February 10, 2016

Independent ethics committee legislation heads to Senate

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Legislation to create an independent ethics commission passed the House on a bipartisan vote late Tuesday night.

The seal of the state of New Mexico in the House

The seal of the state of New Mexico in the House

Sponsored by Rep. Jim Dines, R-Albuquerque, HJR 5 would create an independent commission to field and take action on complaints made about state officials. Since it is a proposed constitutional amendment, if  both the House and the Senate pass the legislation, the issue would go to the voters in November for approval.

Rep. Cathrynn Brown, R-Carlsbad, raised a number of concerns, one of which was how to fund it.

“My concern is this could balloon into significant money,” Brown said. With very little new money this year, money has been one of the top topics of discussion by legislators.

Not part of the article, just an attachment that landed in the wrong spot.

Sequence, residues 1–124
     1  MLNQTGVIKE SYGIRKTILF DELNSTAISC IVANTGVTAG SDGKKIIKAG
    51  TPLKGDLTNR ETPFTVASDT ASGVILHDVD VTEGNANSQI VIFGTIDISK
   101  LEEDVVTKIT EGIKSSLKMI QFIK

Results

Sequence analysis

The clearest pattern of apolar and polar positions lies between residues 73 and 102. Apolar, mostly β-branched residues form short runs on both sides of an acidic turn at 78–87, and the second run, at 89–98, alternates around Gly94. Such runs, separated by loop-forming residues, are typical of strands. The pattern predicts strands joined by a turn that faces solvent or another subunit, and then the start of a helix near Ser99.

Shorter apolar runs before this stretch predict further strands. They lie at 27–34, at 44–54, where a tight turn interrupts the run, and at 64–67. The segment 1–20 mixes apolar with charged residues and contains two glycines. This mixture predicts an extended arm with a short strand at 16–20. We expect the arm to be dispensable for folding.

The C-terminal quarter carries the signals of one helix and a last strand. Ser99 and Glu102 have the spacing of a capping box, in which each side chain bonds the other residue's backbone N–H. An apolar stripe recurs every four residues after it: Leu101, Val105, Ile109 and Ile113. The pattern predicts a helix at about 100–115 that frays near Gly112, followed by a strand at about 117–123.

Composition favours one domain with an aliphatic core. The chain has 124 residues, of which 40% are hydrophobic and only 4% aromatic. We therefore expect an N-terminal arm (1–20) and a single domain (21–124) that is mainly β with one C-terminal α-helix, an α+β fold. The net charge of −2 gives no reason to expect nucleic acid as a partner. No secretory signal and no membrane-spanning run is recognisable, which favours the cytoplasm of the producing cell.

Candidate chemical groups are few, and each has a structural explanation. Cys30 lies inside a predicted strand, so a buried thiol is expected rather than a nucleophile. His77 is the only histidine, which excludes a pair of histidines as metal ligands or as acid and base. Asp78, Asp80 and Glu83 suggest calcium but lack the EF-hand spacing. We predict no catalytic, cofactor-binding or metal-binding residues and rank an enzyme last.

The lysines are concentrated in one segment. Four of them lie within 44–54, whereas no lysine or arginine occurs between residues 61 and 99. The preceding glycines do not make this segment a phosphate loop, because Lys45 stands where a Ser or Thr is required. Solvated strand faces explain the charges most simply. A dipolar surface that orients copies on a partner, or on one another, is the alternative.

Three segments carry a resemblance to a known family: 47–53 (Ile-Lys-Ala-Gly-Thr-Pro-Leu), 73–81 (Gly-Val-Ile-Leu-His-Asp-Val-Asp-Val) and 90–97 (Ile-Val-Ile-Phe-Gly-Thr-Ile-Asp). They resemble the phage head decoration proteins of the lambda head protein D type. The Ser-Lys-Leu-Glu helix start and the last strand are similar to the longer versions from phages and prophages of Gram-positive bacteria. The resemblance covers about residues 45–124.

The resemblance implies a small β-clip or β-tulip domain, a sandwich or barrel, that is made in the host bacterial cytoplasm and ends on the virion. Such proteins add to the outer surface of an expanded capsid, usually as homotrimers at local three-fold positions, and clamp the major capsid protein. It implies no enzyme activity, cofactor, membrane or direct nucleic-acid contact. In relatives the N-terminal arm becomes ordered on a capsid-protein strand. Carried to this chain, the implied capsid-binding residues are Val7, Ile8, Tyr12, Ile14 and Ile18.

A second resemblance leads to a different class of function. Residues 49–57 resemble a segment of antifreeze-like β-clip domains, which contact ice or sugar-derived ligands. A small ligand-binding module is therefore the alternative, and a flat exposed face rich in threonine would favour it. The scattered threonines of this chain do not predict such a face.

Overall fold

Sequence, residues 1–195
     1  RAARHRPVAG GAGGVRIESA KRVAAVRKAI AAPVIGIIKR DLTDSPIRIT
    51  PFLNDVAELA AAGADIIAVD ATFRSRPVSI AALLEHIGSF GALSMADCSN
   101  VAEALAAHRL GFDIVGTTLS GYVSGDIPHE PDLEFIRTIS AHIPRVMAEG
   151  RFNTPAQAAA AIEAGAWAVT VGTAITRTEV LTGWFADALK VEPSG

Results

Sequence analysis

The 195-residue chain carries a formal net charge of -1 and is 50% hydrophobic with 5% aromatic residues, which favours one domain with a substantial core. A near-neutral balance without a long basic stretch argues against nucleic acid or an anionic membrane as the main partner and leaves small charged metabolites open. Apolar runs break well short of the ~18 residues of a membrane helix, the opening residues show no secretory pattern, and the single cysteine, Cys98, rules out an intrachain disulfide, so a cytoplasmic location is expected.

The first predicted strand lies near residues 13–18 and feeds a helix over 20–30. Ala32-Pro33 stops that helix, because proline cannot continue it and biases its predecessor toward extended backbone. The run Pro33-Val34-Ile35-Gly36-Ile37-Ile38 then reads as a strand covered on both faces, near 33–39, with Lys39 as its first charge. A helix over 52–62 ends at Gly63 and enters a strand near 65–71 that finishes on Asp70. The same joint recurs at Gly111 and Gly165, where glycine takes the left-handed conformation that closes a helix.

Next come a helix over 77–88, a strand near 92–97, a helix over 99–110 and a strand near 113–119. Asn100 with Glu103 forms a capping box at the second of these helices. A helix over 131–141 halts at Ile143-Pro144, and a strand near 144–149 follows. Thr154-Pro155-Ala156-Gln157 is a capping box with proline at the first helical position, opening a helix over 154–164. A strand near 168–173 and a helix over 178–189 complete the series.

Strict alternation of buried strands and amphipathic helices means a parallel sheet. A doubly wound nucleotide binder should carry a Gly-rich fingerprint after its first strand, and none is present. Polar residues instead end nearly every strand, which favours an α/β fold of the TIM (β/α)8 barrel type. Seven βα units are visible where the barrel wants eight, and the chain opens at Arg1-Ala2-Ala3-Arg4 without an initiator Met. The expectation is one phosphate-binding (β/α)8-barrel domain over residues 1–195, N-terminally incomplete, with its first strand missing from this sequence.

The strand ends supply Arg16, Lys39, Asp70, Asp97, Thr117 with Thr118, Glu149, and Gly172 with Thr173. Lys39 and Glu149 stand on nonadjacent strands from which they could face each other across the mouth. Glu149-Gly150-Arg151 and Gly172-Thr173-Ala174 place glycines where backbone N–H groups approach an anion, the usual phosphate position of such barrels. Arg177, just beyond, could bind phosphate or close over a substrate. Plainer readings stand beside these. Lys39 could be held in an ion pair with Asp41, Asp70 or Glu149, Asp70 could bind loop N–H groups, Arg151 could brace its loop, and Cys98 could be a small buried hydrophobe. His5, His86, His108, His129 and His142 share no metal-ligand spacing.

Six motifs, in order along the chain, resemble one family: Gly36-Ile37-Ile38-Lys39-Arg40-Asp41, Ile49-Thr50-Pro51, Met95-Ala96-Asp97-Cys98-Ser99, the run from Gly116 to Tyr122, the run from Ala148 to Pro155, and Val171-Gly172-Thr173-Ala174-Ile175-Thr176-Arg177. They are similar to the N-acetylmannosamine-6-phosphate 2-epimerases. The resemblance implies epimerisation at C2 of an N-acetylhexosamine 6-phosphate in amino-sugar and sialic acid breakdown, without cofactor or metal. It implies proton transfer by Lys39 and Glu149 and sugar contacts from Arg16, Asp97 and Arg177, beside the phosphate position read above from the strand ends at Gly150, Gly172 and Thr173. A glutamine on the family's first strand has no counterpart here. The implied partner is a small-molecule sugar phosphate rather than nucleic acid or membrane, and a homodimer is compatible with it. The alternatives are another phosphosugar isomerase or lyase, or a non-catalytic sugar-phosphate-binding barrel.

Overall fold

Except for one member, Democrats largely stood behind the bill ending with a vote of 50-10.

Rep. Bill McCamley, D-Mesilla Park, praised the bill and said he hopes it passes the Senate. McCamley offered to co-sponsor the bill in the future in the event it doesn’t pass this year.

“All you have to do is ask,” McCamley told Dines.

Dines told the body that a commission is needed because the current system “is not working.”

The last time the House passed legislation to create an ethics commission was in 2013. That year the bill made it to the Senate, but failed to pass any committees. The Senate has been the killing ground for ethics commissions in the past.

The Senate will now have nine days to do what took the House 21 days to do, and pass the proposal through the committee process and then the floor.

 

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